Participating artists: Ghada Amer, Tracey Emin, Isa Melsheimer, Hans Op de Beeck, Michael Raedecker, Fred Sandback, Chiharu Shiota, Tatiana Trouvé
Curated by Michiko Kono
The Espaces Louis Vuitton München, Paris and Tokyo are pleased to present Le fil rouge (The red thread), a group exhibition of newly produced and existing works by eight internationally renowned contemporary artists. For the first time, one theme is examined simultaneously at the three venues, with each location showcasing its independent interpretation.
Le fil rouge explores thread as the prime medium in the practice of contemporary artists. Unlike pencil and paint, thread is not linked to an intrinsic finality, and its materiality encourages infinite artistic expressions and explorations. Replacing the brush, thread in contemporary art is embroidered or glued onto the image carrier and combined with paint. Canvas fragments are sewn together using thread. By stretching lengths of yarn at different scales and in varied configurations, it is employed to form sculptures, trace lines in space, reproduce architectural principles or seemingly suspend the laws of physics. Many of the exhibiting artists do not work exclusively with thread, but revert to it as a medium that offers a broad spectrum of applications.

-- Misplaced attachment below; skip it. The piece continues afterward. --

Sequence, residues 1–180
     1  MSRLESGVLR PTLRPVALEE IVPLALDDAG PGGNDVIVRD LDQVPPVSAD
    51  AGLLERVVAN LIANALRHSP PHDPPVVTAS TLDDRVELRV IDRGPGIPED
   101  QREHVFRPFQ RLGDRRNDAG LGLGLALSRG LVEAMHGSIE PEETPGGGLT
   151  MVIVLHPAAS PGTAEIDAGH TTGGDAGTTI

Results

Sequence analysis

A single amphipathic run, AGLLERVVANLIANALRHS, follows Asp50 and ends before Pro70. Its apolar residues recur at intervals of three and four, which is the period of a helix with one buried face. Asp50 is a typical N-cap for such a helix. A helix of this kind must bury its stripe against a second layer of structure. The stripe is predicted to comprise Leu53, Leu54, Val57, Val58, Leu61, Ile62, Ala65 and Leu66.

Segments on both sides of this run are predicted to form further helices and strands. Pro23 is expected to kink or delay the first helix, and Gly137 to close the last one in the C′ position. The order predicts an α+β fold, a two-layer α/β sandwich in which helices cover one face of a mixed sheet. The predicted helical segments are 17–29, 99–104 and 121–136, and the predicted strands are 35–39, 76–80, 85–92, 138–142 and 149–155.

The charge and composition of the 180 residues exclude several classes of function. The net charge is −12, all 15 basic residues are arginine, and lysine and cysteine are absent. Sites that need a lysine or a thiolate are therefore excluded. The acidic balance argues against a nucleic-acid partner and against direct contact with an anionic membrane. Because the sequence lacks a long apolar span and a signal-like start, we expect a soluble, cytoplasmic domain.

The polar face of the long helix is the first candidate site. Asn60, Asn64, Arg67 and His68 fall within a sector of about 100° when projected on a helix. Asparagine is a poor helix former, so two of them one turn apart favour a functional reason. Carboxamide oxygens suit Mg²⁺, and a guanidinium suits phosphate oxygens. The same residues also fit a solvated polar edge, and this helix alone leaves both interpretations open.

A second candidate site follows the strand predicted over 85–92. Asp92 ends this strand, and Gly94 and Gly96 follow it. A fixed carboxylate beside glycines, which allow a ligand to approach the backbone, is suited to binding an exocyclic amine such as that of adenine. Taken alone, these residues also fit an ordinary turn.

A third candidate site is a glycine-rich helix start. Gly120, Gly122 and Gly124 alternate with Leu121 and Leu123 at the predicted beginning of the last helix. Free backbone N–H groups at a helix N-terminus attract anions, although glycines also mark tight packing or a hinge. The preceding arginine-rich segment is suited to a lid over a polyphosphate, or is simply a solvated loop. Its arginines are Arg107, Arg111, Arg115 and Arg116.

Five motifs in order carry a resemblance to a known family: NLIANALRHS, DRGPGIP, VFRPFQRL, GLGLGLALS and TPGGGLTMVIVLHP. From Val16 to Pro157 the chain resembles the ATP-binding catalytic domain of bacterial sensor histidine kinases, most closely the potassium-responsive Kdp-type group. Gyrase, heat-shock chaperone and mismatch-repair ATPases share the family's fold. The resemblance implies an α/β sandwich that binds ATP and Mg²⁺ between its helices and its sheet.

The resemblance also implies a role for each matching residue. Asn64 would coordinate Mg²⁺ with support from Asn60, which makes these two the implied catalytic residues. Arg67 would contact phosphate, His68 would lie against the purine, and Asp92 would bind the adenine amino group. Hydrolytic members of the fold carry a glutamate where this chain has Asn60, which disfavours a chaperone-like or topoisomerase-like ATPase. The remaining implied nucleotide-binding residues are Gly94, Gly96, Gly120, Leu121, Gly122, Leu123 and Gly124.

The first chapter at the Espace in Munich showcases embroidery-based works by Ghada Amer, Tracey Emin and Michael Raedecker. The theme continues in Paris with a show dedicated to site-specific installations by Isa Melsheimer, Fred Sandback and Chiharu Shiota. The Espace Louis Vuitton Tokyo concludes the collaboration with a summary of the topic, presenting works by Ghada Amer, Michael Raedecker and Tatiana Trouvé. Hans Op de Beeck’s newly commissioned film The Thread is dedicated to the theme and will be shown at all three Espaces.